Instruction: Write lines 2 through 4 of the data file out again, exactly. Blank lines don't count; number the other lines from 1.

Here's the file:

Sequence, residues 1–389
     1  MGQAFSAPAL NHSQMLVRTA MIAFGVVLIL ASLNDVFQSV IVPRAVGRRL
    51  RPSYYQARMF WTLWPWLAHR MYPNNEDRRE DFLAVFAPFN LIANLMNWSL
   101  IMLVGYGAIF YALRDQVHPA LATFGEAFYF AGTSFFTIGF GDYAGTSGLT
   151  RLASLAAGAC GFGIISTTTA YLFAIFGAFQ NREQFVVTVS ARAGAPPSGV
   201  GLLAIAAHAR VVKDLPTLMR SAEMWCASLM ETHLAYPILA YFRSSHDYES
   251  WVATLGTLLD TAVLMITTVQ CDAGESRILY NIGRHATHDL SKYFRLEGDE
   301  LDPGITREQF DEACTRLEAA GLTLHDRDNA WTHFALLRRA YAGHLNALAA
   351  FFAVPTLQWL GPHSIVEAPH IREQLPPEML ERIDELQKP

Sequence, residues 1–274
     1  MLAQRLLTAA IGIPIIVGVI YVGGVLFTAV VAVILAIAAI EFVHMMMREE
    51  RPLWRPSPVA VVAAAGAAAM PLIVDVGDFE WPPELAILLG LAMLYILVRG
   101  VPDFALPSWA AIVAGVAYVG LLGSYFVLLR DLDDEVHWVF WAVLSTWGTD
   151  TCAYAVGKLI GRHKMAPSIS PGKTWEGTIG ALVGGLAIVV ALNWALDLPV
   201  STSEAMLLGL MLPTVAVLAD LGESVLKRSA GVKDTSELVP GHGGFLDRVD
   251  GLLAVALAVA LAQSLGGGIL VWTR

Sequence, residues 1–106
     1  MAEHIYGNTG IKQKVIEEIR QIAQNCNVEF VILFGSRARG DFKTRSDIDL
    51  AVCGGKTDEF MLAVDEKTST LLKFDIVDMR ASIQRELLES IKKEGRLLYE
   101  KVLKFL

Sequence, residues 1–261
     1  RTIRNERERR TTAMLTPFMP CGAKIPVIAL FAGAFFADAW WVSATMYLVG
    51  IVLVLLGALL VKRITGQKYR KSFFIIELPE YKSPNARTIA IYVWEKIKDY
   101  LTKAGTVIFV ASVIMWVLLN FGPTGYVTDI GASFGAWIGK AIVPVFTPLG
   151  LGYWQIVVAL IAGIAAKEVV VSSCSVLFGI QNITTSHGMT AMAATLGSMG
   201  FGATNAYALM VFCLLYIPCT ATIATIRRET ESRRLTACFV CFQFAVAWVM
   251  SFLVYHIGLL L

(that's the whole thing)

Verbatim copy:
     1  MGQAFSAPAL NHSQMLVRTA MIAFGVVLIL ASLNDVFQSV IVPRAVGRRL
    51  RPSYYQARMF WTLWPWLAHR MYPNNEDRRE DFLAVFAPFN LIANLMNWSL
   101  IMLVGYGAIF YALRDQVHPA LATFGEAFYF AGTSFFTIGF GDYAGTSGLT